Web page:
Because Boost Light doesnt try to "fix" the contrast of the pixels to a comfortable range, it can be extremely noisy looking in environments like yours where there are areas of extreme light and dark. Typically, you want to use Boost Light in situations that are well lit where there is little likelihood of the environmental contrast wreaking havoc on the Boost Light.

    Now I should explain further. Boost Light itself is not the problem, the problem is the lack of ray firings for TA in general made obvious when the cap is removed. Firing only 2 or three or even 10 rays per pixel into the environment is not going to give a very good representation of the environment. Each pixel only has two inputs to average to determine the final color leaving the pixel blind to all of the other colors in the environment. But if each ray was firing 2000 rays in all different directions, that pixel will gather a much more complete picture of the environment. The information gathered by two adjacent pixels will be very similar by consequence of these multiple rays fired and the multiple areas of the image seen by each pixel, resulting in very little if any visible noise even without any last minute capping and fixing

    So, I will say that Boost Light, though wonderful, is not ideal for your particular study. I'd say use it for more open scenes, with a bright sky and you will see very little noise from the Boost Light.

  • David BrinnenDavid Brinnen Posts: 3,134
    edited December 1969
  • Rashad CarterRashad Carter Posts: 1,777
    edited December 1969

    That video was wonderful and very effective. I am pleased to see the normal mapping trick you applied. I am thrilled because when i first saw what Len was asking for I figured the Voronoi filters would be good starting places. They have a nice cellular quality to them. Skin has a natrual leather grain to it and what you are doing here makes me hopeful for procedural skin solutions that are no longer slave to uv map resolution limits.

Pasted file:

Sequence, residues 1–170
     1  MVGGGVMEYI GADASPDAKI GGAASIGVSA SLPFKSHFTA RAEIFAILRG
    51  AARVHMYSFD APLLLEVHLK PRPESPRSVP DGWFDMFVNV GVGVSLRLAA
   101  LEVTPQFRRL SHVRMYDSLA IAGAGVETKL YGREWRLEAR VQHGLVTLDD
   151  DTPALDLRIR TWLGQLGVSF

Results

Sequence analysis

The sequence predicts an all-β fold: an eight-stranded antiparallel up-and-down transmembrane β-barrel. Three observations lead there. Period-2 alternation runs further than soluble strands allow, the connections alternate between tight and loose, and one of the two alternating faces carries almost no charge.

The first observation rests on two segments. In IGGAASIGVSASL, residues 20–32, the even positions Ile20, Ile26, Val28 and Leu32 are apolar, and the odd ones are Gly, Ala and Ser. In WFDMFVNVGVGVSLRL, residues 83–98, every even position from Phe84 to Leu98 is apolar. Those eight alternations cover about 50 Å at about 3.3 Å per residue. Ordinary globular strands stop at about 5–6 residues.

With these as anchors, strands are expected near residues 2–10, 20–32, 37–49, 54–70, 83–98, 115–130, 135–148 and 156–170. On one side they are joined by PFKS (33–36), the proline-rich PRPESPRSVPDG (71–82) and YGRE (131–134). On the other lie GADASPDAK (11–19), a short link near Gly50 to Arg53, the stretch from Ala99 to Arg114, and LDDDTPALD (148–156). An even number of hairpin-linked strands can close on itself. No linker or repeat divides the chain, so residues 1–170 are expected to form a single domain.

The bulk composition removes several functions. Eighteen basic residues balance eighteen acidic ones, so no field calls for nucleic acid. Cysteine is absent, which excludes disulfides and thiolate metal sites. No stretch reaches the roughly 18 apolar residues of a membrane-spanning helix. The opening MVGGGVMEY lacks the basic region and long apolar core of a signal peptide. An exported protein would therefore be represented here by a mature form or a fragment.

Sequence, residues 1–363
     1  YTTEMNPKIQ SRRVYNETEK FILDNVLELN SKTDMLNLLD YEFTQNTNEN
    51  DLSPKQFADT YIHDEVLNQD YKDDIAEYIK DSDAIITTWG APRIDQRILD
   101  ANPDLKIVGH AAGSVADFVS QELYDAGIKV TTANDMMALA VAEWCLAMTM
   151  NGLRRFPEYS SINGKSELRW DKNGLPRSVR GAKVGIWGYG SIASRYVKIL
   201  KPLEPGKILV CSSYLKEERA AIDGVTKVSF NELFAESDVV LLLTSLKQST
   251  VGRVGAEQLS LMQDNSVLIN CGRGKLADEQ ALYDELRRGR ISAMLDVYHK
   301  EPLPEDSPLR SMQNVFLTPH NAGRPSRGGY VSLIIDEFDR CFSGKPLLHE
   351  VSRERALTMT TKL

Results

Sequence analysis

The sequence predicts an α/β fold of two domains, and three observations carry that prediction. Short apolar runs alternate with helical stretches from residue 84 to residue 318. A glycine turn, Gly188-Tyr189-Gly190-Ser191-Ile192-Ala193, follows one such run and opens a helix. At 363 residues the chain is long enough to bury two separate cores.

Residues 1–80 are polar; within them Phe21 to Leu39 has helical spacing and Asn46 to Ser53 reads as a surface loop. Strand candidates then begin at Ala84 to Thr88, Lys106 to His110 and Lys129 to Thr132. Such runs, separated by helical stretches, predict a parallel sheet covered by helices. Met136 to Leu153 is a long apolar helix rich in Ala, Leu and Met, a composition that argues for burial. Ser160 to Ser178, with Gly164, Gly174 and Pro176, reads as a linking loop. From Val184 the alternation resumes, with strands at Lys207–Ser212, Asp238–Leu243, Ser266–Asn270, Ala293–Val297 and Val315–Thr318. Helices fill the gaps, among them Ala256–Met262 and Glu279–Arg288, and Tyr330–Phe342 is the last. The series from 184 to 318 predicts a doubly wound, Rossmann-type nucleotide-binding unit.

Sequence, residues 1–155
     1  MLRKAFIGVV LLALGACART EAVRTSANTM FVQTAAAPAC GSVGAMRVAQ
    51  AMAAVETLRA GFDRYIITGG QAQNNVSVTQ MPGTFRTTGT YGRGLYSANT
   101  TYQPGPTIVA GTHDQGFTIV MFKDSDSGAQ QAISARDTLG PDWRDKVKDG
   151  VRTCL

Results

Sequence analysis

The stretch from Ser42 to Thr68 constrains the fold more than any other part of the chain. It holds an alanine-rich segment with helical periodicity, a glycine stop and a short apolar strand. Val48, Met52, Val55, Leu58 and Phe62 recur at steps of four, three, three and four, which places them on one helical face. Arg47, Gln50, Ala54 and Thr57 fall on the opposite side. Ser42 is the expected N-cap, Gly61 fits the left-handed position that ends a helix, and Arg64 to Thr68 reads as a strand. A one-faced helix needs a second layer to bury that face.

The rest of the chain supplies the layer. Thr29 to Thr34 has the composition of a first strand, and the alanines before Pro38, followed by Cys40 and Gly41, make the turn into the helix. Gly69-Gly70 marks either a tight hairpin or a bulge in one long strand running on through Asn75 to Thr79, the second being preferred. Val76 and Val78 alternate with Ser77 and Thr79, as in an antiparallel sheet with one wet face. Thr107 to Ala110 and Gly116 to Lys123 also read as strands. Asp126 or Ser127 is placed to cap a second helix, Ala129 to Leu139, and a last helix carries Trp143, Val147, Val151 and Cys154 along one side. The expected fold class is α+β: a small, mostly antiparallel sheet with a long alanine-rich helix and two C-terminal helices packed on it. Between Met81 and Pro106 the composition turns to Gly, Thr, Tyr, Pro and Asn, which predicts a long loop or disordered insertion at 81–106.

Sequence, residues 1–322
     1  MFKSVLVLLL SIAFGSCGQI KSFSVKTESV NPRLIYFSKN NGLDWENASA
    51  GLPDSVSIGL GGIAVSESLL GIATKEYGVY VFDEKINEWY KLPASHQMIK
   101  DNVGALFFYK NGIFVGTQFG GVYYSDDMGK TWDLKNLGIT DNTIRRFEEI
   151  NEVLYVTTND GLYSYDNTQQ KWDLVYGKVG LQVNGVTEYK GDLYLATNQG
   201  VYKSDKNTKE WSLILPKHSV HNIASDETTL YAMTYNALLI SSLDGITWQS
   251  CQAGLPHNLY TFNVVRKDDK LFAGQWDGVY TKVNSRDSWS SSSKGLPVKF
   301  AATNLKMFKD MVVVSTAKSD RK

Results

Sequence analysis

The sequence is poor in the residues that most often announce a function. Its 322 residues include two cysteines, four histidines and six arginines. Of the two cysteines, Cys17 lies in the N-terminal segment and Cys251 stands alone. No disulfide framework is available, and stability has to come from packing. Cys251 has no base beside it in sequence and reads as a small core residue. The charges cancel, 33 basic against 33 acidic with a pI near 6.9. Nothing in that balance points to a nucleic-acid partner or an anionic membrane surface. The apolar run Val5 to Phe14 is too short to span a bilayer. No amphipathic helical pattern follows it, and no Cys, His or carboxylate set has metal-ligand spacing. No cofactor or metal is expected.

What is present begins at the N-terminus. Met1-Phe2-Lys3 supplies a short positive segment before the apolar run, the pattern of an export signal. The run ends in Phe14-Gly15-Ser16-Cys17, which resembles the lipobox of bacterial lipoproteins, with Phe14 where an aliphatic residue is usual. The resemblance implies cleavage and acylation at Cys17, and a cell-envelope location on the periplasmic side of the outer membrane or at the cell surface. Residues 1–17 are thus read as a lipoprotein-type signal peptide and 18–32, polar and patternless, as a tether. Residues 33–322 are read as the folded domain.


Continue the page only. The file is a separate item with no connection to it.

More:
Great work as always, David!

  • SylverdaliSylverdali Posts: 198
    edited December 1969
  • WilmapWilmap Posts: 2,916
    edited August 2012

    Have been watching lots of the videos and trying to take in all the advice. Takes a while for the old brain to absorb all this knowledge now I'm getting older, but I keep watching and learning as they are such great tutorials.

    Had another go with the lifeboat render.

    Made lifeboat a bit smaller as I realized that it would not fit in the lifeboat station at the size it was!! Changed the sky for a more dramatic one.

    Cromer_Lifeboat_Station7a.jpg
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    Post edited by Wilmap on
  • SylverdaliSylverdali Posts: 198
    edited December 1969

    @David Brinnen FOUND all the hidden stuff ye ha thanks for all your help, maybe now i might be able to give the abstract tut ago which HDRI should i use to try and achieve a similar effect?

  • David BrinnenDavid Brinnen Posts: 3,134
    edited December 1969

    Thank you Rashad - I've spotted your lighting thread, I'll try and put some links together for that.

    Thank you Silverdali - I would suggest Dungeon Dimension HDRI since it has some strong coloured light sources in the HDR to work with the specular effect.